This story started when Jeff Bezos tweeted, something the richest man on the planet doesn’t do very often.
Bezos — the founder, CEO and largest single shareholder of Amazon — tweets a joint statement from him and his wife, author MacKenzie Bezos. The two say they are getting a divorce after 25 years of marriage.
“After a long period of loving exploration and trial separation, we have decided to divorce and continue our shared lives as friends,” the couple write. It was the 184th time Bezos had tweeted since he started his account in 2008.
The couple, who have four children, say they look forward to continuing working together as “parents, friends, partners in ventures and projects, and as individuals pursuing ventures and adventures.”
Later that day
Hours later, the National Enquirer has its own bombshell announcement.
The supermarket tabloid says it had been investigating Bezos for four months, tracking the Amazon CEO “across five states and 40,000 miles.” The tabloid says it has evidence that Bezos has been “whisking his mistress off to exotic destinations on his $65 million private jet.”
The Enquirer and other outlets identify the woman as Lauren Sanchez, a former anchor for Fox’s local station in Los Angeles. The Enquirer says a lawyer for Bezos told the publication that it was “widely known” that Bezos and his wife had been “long separated.”
In a statement, the magazine’s parent company, American Media Inc., suggests that its investigation had prompted Bezos to go public with his divorce plans.
“The National Enquirer has been doggedly investigating this story for four months and the extraordinary details and evidence uncovered by our team, and presented to Mr. Bezos’ representatives for comment early this week, underscores the kind of investigative reporting that the publication has long been known for,” a spokesman says.
The Enquirer’s cover promises to show “the cheating photos that ended his marriage” with “11 pages of exclusive photos.” It also releases text messages it says were sent to Bezos by Lauren Sanchez.
Bezos, who owns the Washington Post, is a frequent target for President Donald Trump, who has criticized the newspaper for its coverage. When asked about the Bezos divorce, during a Q&A with reporters, Trump says, “I wish him luck. It’s going to be a beauty.”
President Trump tweets a shot at the Amazon CEO.
“So sorry to hear the news about Jeff Bozo being taken down by a competitor whose reporting, I understand, is far more accurate than the reporting in his lobbyist newspaper, the Amazon Washington Post. Hopefully the paper will soon be placed in better & more responsible hands!”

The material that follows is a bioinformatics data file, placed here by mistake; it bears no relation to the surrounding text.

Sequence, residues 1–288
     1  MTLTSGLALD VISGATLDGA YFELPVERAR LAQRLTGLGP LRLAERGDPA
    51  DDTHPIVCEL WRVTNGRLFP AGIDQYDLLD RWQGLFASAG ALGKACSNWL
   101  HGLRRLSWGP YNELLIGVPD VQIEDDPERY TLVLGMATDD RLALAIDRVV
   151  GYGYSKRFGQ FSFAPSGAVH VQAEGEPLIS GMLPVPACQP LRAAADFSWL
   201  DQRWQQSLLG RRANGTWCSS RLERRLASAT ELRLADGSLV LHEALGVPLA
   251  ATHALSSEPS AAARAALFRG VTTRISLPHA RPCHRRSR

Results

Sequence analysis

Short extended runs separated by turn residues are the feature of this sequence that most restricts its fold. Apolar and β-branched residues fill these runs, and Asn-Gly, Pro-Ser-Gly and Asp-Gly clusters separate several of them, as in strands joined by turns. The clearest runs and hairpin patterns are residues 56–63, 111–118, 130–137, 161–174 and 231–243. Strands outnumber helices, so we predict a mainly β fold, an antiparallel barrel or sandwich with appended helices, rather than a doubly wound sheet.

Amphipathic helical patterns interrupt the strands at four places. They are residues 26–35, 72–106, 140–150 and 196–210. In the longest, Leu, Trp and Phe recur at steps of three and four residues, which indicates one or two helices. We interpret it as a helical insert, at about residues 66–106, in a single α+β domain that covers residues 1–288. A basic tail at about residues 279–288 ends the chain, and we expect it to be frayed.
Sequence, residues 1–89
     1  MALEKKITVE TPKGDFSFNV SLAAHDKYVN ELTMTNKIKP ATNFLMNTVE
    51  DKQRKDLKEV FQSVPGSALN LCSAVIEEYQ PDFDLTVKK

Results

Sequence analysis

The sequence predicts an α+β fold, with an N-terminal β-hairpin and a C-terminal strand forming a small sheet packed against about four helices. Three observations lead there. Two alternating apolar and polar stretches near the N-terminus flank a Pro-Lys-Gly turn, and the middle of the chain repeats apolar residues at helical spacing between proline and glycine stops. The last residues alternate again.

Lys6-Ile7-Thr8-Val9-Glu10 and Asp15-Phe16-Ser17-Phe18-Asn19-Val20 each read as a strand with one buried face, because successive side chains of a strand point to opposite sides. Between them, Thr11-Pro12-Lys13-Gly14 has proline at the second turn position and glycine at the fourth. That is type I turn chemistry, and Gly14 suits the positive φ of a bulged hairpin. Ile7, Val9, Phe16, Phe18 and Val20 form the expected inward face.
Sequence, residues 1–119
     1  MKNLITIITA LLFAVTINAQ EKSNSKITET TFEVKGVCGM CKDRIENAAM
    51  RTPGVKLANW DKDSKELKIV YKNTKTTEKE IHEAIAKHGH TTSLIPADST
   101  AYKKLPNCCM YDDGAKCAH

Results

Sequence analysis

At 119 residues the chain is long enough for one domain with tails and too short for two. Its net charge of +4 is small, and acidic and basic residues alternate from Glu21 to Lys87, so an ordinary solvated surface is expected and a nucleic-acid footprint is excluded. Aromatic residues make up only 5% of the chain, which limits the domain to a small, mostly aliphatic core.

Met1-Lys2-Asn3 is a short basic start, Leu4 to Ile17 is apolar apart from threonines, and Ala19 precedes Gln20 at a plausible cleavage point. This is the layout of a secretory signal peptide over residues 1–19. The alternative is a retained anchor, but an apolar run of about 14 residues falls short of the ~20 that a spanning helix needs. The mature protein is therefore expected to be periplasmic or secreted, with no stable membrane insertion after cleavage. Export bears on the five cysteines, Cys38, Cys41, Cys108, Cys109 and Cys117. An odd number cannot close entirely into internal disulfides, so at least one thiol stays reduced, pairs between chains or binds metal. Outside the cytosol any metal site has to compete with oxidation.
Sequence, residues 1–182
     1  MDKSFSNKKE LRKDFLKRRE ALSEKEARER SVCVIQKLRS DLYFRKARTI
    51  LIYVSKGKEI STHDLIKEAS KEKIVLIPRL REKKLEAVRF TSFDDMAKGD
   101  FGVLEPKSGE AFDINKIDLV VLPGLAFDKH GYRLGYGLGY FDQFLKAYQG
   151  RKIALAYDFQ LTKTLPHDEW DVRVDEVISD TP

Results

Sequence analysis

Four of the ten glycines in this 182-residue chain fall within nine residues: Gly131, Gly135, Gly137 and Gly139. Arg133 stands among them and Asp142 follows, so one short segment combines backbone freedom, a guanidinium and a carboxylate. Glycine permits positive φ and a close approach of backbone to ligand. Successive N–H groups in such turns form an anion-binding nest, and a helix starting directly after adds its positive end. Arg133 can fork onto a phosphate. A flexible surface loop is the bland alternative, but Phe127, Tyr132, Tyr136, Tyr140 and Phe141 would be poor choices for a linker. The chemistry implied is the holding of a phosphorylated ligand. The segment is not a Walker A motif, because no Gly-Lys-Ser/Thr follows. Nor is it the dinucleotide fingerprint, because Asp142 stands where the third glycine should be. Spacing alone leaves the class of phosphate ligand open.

The Daily Beast reports that Bezos is investigating “how his text messages ended up in The National Enquirer.” The Beast says “the inquiry is increasingly convinced that political motives are behind the disclosure.”
The Beast follows up. It reports that Gavin de Becker, a private security consultant Bezos says he retained to investigate “the facts in this matter,” had “scrutinized” Michael Sanchez, Lauren Sanchez’s brother, who is connected to a number of associates of President Donald Trump. (Michael Sanchez did not respond to requests for comment. He told the Washington Post that he did not play a role in the revelation of the affair.)
The Washington Post, which is owned by Bezos, publishes an article headlined “Was tabloid exposé of Bezos affair just juicy gossip or a political hit job?”
The story reports that de Becker says he believes the Enquirer’s reporting about Bezos was sparked by a “politically motivated” leak. The Post further reports that Michael Sanchez “firmly denies playing any role in the revelation of his sister’s affair.”
Jeff Bezos, in another rare tweet, tells the world he has blogged. “I’ve written a post about developments with the National Enquirer and its parent company, AMI,” he writes.
In a 2,000-word post on Medium, Bezos accuses AMI of trying to extort him. He reveals what he says are the full text of some of the emails his representatives got from executives at AMI threatening “extortion and blackmail.”
“Something unusual happened to me yesterday. Actually, for me it wasn’t just unusual — it was a first. I was made an offer I couldn’t refuse. Or at least that’s what the top people at the National Enquirer thought. I’m glad they thought that, because it emboldened them to put it all in writing,” Bezos writes. “Rather than capitulate to extortion and blackmail, I’ve decided to publish exactly what they sent me, despite the personal cost and embarrassment they threaten.”
American Media, in a statement, says it “believes fervently that it acted lawfully in the reporting of the story of Mr. Bezos” but adds that it will investigate: “Further, at the time of the recent allegations made by Mr. Bezos, it was in good faith negotiations to resolve all matters with him. Nonetheless, in light of the nature of the allegations published by Mr. Bezos, the Board has convened and determined that it should promptly and thoroughly investigate the claims. Upon completion of that investigation, the Board will take whatever appropriate action is necessary.”
Separately, two sources familiar with the matter tell CNN that federal prosecutors in New York are reviewing the Enquirer’s handling of its Bezos reporting to determine if the company may have violated a cooperation deal reached with prosecutors last year. The government announced in December that it had struck a non-prosecution agreement with American Media.
– CNN’s Evan Perez and Kara Scannell contributed to this report.